"A novel work on orality and the circulation of stories in medieval Islamic lands. This book has the potential to inflect the conversations on intercultural transmission that have held center stage in the field for the past couple of decades."—Arietta Papaconstantinou, Associate Professor of Ancient History, University of Reading
"Durmaz performs the daunting task of developing for a wide, inter-disciplinary audience the ground-breaking, specialist research of Angelika Neuwirth and Aziz al-Azmeh. Like them, Durmaz works against scholarly obsession with the written text. She retraces transmission, instead, through situated storytelling, a practice which in her treatment is revealed as the most synthetic cultural act of the late antique and paleo-Islamic period."—Elizabeth Key Fowden, Senior Research Associate, Faculty of Classics and Fellow, Centre of Islamic Studies, University of Cambridge.
“A superb, original piece of scholarship…Durmaz’s engaging text offers a welcome innovative perspective on ‘Abrahamic’ scriptural and hagiographic narrative arts. From the broader phenomenon of orality in the transmission of stories generally to the more specific details and ‘canonical’ requirements of recitation, this is a significant detailed analysis of a multi-faceted performative dimension."—John Renard, Professor Emeritus of Theological Studies, Saint Louis University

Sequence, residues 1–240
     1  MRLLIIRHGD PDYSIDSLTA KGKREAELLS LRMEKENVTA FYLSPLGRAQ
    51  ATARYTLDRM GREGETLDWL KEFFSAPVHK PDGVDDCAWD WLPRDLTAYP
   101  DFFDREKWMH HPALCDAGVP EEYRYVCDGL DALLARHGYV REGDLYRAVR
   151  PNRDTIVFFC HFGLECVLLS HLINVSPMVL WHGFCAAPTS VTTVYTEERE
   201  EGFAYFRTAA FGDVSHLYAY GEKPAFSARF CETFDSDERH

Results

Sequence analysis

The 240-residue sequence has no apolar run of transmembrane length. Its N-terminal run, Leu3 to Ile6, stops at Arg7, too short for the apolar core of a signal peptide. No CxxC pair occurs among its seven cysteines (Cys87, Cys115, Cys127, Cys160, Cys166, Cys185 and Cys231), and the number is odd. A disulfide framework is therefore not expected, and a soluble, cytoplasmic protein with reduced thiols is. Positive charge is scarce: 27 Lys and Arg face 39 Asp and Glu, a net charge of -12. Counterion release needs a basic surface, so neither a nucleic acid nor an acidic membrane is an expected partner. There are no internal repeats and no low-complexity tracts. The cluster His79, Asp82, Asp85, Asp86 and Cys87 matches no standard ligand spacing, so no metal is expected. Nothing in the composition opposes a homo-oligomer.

"An innovative and important contribution to the rich and rapidly growing body of scholarship on medieval Christian-Muslim relations. Reyhan Durmaz's focus on the universal human practice of storytelling as the site of flows of information between Christians and Muslims is excellent and will open up this line of investigation to future researchers."—Jack Tannous, Associate Professor of History, Princeton University
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“Reyhan Durmaz gives a fascinating tour of storytelling about saints that goes well beyond oral-written divides. Her analysis of narratives in Late Antiquity and the Middle Ages shows how communities of Christians and Muslims shared stories and adapted them in complex ways, changing their own ground truths in the process.”—Sarah Bowen Savant, author of The New Muslims of Post-Conquest Iran: Tradition, Memory, and Conversion